Original Research

Regressiewe stemassimilasie in Afrikaans en Nederlands

D. Wissing
Literator | Vol 12, No 2 | a764 | DOI: https://doi.org/10.4102/lit.v12i2.764 | © 1991 D. Wissing | This work is licensed under CC Attribution 4.0
Submitted: 06 May 1991 | Published: 06 May 1991

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D. Wissing,, South Africa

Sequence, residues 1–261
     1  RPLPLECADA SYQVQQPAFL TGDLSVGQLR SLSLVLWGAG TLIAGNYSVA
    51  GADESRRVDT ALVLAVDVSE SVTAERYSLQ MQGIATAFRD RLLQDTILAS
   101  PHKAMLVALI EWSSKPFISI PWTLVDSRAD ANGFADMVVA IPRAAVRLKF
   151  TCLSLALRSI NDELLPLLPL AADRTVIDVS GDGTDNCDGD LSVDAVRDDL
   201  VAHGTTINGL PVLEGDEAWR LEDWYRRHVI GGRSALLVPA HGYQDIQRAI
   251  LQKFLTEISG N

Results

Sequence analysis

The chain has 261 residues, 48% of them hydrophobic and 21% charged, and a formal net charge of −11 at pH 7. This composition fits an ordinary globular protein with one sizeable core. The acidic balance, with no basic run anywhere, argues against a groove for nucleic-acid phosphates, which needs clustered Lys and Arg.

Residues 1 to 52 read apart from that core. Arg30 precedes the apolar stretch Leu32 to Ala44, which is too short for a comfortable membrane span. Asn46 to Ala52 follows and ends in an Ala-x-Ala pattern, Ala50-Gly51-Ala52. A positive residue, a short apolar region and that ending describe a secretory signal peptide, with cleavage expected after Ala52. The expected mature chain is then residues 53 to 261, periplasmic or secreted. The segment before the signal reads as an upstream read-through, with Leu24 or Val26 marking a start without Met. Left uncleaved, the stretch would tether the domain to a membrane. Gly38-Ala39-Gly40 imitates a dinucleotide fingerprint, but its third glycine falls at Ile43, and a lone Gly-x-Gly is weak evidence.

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The phonological process of assimilation of voice is a distinct feature of both Dutch and Afrikaans. However, there seem to be some prominent differences between these two related languages, especially with regard to the phenomenon of regressive assimilation of voice. Regressive assimilation in Dutch is, according to the literature on this subject, much more restricted than in Afrikaans with regard to the types of segment that are conditioning this sound change. In Afrikaans, assimilation of voice can be triggered by any voiced segment; in Dutch it is stated that only voiced explosives are responsible for such change. In this article it will be demonstrated that this is an unnecessary restriction, and indeed incorrect. This faulty description is due to the fact that the ‘w’ sound in Dutch (as in "water") is typified in a variety of ways in the Dutch literature. It will be shown that ‘w’ is a voiced fricative, and is, together with the voiced explosives, involved in regressive assimilation of voice in much the same way as it is in Afrikaans.


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